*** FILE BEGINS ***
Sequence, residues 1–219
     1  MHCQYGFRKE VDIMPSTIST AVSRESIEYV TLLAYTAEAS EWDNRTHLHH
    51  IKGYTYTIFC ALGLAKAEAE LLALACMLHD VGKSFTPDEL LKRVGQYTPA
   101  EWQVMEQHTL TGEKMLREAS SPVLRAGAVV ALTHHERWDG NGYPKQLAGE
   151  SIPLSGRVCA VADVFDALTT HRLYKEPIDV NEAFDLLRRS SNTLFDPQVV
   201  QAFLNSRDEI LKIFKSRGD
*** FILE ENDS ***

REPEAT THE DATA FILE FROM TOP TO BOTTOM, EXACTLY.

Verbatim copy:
Sequence, residues 1–219
     1  MHCQYGFRKE VDIMPSTIST AVSRESIEYV TLLAYTAEAS EWDNRTHLHH
    51  IKGYTYTIFC ALGLAKAEAE LLALACMLHD VGKSFTPDEL LKRVGQYTPA
   101  EWQVMEQHTL TGEKMLREAS SPVLRAGAVV ALTHHERWDG NGYPKQLAGE
   151  SIPLSGRVCA VADVFDALTT HRLYKEPIDV NEAFDLLRRS SNTLFDPQVV
   201  QAFLNSRDEI LKIFKSRGD